Topics of inquiry
Rubin (1998) wrote of the hierarchies of sexuality in our society, calling the privileged forms of sexuality the “charmed circle” (p. 109). She defined the charmed circle as “heterosexual, married, monogamous, procreative, non-commercial, in pairs, in a relationship, same generation, in private, no pornography, bodies only, vanilla” (p. 109). By contrast, she defined the outer limits, or denigrated forms of sexuality, as “homosexual, unmarried, promiscuous, commercial, alone or in groups, casual, cross-generational, in public, pornography, with manufactured objects, and sadomasochistic” (p. 109). Researchers are often to afraid to inquire into the outer limits. But this is in fact the most important place to explore–to think about the unthinkable, to speak the unspeakable. Researchers, however, must not forget about how power and discipline often involves a compulsion to speak, like the conservative Christian group who tried to get an orgy cancelled the weekend before Obama’s inauguration and spoke in graphic detail and great length about acts they claimed to be “unspeakable.” And what are confession and psychoanalysis if not a Foucauldian “incitement to discourse?”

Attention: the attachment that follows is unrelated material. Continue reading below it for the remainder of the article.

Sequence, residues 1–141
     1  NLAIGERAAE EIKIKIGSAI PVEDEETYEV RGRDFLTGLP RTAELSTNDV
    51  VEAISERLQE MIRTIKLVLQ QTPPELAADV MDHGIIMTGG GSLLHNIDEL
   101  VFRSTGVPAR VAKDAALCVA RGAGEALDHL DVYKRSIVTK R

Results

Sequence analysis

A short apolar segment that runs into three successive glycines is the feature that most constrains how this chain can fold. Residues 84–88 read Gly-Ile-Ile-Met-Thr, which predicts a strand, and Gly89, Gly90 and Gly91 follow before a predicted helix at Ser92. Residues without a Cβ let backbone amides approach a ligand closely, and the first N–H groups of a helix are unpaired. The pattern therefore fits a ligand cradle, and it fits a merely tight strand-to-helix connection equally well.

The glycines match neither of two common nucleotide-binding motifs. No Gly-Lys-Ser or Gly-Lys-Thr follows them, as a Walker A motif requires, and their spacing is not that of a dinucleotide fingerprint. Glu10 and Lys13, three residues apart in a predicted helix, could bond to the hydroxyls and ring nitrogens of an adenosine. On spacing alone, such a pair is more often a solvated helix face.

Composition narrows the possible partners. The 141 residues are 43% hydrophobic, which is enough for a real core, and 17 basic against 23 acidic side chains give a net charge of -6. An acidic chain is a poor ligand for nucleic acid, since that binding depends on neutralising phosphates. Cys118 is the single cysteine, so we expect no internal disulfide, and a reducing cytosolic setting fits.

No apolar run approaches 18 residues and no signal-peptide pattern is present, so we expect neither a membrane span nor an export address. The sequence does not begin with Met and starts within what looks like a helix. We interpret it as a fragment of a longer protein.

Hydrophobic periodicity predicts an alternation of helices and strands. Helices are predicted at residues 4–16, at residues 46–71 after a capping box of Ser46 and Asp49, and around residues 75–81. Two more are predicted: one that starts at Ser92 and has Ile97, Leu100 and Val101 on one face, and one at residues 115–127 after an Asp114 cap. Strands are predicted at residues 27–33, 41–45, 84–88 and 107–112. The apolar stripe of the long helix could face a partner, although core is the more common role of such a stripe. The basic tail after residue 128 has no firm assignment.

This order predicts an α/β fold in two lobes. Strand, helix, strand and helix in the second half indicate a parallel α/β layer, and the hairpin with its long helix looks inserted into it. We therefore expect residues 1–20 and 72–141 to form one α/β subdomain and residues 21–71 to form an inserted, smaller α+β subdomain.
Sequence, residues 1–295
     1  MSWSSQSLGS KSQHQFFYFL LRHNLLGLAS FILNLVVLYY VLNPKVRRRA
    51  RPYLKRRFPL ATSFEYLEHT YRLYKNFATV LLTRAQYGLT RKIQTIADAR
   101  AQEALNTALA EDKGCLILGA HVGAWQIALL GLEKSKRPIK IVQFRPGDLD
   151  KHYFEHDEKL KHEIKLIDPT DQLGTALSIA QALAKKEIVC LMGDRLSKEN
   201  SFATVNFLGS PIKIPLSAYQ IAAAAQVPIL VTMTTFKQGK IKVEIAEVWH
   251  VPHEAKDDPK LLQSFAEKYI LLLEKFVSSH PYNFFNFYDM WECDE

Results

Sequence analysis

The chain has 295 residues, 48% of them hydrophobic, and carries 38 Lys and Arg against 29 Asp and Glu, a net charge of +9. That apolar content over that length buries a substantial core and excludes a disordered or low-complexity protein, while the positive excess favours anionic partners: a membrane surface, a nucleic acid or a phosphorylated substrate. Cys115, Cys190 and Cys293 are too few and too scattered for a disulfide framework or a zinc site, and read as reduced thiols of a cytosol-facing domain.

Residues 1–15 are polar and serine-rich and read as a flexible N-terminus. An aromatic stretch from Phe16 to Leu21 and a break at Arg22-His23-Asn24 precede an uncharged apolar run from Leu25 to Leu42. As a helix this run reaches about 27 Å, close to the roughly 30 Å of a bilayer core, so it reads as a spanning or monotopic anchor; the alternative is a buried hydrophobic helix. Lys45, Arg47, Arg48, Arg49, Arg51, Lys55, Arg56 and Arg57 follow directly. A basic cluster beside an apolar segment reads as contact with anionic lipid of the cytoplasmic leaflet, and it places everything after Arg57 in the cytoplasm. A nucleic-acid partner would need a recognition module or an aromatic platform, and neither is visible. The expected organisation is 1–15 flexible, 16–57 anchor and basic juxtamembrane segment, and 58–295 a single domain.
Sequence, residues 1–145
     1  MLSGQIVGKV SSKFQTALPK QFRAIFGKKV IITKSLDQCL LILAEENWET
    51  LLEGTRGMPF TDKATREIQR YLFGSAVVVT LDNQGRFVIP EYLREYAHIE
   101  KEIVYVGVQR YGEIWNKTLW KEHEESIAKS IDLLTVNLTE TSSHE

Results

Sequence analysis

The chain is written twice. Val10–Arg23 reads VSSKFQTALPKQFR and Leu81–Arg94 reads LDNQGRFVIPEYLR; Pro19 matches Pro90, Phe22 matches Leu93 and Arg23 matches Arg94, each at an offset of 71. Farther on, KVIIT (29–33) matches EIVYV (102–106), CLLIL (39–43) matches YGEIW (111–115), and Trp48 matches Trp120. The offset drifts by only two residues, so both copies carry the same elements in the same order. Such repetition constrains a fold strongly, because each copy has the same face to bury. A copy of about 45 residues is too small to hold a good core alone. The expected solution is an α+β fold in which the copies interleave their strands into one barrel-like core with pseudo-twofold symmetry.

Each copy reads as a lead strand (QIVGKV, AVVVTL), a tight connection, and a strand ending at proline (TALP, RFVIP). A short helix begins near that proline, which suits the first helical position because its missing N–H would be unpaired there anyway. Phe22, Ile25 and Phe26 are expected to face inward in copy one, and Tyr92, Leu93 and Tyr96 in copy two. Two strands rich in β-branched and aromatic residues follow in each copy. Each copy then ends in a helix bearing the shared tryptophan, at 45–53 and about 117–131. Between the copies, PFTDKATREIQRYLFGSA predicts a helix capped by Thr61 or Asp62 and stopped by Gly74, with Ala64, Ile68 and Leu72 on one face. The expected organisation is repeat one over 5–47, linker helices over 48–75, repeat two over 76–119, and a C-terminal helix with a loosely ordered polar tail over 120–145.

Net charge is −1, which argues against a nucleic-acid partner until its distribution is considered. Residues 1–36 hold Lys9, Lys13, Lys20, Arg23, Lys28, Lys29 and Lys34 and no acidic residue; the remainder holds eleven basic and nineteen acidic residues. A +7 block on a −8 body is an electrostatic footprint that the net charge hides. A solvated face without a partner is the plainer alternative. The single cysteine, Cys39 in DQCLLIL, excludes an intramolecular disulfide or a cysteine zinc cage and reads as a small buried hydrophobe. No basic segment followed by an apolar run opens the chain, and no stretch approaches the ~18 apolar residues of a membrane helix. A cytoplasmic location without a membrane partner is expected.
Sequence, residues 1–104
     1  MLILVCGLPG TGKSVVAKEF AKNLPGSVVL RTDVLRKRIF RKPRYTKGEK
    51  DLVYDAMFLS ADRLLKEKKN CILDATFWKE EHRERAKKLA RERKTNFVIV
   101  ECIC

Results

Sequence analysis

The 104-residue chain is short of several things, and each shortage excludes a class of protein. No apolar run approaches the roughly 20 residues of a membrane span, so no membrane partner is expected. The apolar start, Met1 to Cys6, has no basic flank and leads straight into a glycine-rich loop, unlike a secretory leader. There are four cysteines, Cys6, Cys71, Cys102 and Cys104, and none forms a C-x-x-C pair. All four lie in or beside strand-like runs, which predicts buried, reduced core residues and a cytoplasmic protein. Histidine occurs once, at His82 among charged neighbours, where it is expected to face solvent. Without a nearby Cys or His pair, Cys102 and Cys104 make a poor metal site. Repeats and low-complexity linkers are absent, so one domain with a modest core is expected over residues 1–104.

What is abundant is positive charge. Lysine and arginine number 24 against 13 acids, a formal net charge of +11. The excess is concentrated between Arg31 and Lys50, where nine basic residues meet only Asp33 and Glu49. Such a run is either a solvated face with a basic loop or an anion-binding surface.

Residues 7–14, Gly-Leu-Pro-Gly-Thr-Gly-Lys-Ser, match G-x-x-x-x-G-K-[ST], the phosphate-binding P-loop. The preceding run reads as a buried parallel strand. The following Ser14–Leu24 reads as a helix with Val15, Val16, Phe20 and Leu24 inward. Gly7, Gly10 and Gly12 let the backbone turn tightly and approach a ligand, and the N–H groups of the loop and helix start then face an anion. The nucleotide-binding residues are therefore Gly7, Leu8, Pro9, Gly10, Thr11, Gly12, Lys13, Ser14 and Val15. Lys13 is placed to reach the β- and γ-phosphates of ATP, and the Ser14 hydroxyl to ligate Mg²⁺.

Griffin (1996) argued that queer researchers need to define the agenda and focus on the uncomfortable. Similar to Rubin’s definition of the outer limits, some uncomfortable topics include “cross dressing, transgender people, sex and sexuality in schools, pedophiles who are educators, and anti-gay sexual minority administrators” (Capper, p.6). This, however, raises a question of research methods; could a researcher come into a school and tell the principal that he’s studying pedophiles within schools? (Bonus points if he’s wearing the “gold lame cocktrail dress.”) Bogden and Biklen (1998) reminded researchers that “in the beginning [of research] you never know what you are going to find” (p. 53). A concern here, though, is that a researcher’s preconceived notions are still an issue. What if one finds uncomfortable topics in their research? How can participants be transformed by their encounters with the researcher if the topics under investigation are too uncomfortable to even mention?
Developing new theoretical tools
Traditionally, gay men have had to use artifice and camp in order to signify homosexuality, and such styles can be utilized in doing queer research. Honeychurch (1996) is interested in textual eroticism and described how one might use the erotic not only in ones fieldwork but in one’s writing. He suggested, inspired by Barthes, that “an idea, word, or phrase can simply be stimulating in its unfamiliarity, repetition, ambiguity, location, alterations, flamboyance, or in its pairing with a seemingly incompatible other” (p.349).